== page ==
Finding it hard to fit in all the sport performance exercises needed during weight room and conditioning sessions? In volleyball, we have already established that sport performance conditioning is vital to the athlete’s success. Firstly, it keeps athletes injury free, and second, it aids in performance gains. As established in previous articles, the two most critical movements in volleyball are triple extension (including the most important landing phase) and rotation around the spine. Within these movements, the body must work like a well-tuned chorus over repeated bouts of activity through one day, week, month, year, and career of playing the game. Core conditioning and how the athlete’s body moves around the pelvis, becomes an integral part of the training process.
With limited time to teach skills and systems play; it can be hard to fit everything in that really benefits your student-athletes. For those at the grade school, club, and high school levels; the total amount of contact time with your athletes is extremely limited. For those coaching college, the time is externally limited (i.e. NCAA weekly sport participation rules during different phases of the season).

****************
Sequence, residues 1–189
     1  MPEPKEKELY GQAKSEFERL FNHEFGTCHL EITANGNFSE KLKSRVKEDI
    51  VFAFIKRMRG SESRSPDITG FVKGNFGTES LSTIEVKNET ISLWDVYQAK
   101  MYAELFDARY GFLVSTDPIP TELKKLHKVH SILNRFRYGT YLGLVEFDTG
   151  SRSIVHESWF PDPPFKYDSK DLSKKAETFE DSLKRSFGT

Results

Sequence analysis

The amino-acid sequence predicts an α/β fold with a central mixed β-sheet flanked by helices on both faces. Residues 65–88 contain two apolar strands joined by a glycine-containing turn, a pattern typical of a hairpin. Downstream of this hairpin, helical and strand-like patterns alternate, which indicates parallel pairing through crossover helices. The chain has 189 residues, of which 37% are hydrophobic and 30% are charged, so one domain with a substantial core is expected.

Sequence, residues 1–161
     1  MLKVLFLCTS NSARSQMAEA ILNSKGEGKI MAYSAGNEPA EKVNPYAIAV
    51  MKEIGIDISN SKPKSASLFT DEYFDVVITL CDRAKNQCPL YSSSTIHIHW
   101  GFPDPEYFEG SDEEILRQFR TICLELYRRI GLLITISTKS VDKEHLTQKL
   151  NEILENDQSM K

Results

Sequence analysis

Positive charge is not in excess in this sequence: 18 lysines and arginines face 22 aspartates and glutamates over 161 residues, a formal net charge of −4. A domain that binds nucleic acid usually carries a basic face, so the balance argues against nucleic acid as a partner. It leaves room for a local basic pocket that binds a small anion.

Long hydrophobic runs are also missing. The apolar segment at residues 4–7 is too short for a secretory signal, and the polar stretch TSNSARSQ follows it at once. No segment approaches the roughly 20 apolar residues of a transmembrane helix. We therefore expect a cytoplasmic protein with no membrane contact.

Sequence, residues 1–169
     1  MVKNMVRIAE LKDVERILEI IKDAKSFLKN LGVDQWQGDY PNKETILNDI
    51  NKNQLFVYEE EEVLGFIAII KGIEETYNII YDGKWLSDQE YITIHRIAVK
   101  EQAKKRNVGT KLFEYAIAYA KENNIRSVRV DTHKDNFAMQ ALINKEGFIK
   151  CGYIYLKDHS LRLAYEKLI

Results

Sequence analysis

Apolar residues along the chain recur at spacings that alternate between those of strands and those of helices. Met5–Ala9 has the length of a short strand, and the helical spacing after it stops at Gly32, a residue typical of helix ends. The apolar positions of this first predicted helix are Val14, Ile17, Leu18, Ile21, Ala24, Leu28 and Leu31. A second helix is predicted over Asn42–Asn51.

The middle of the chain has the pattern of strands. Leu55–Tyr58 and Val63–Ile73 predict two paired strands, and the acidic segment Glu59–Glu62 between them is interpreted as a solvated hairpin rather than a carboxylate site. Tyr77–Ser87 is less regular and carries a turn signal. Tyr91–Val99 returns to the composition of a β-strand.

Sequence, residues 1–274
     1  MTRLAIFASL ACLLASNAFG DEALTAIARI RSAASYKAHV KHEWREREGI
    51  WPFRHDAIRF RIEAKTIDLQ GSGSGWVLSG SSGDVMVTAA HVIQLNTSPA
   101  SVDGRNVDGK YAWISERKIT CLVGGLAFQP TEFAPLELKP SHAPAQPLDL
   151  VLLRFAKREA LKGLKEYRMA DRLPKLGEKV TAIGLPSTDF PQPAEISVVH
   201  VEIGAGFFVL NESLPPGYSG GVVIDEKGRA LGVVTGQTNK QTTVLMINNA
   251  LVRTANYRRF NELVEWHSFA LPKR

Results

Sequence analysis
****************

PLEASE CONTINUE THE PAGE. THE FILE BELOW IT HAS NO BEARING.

Adding in some exercises at the beginning or end of practice could serve to bridge the training gap. These exercises, done in any order of succession, can help your athletes not only stay injury free but also build up a working economy of over-all fitness.
Make sure to tailor these exercises and the time spent doing them to your specific needs. Exercises can be done in partners, groups, or individually with the wall as the rebounding device. You can choose to go for reps or time.
• Chest pass
• Square shoulder side throw to partner
• Facing sideways throw to partner
• Shot put throw to your partner
• Back to back side passes with partner
• Seated sit-up overhead throws
• Side to side seated twists and throw
• Wall over the back side to side underhand throws
• Over-head V slams (slam the ball overhead in the shape of a V)
• 2 legged bound jump in and then explode out chest throw to wall
• Plank (can be made more challenging with leg lift)
• Side plank (can be made more challenging with leg lift)
• Hip bridges
• Thera-ball circles (plank position and draw circles each direction)
• Thera-ball push-ups
• Thera-ball perturbations (hold push up position on theraball while partner tries to slightly move you off balance)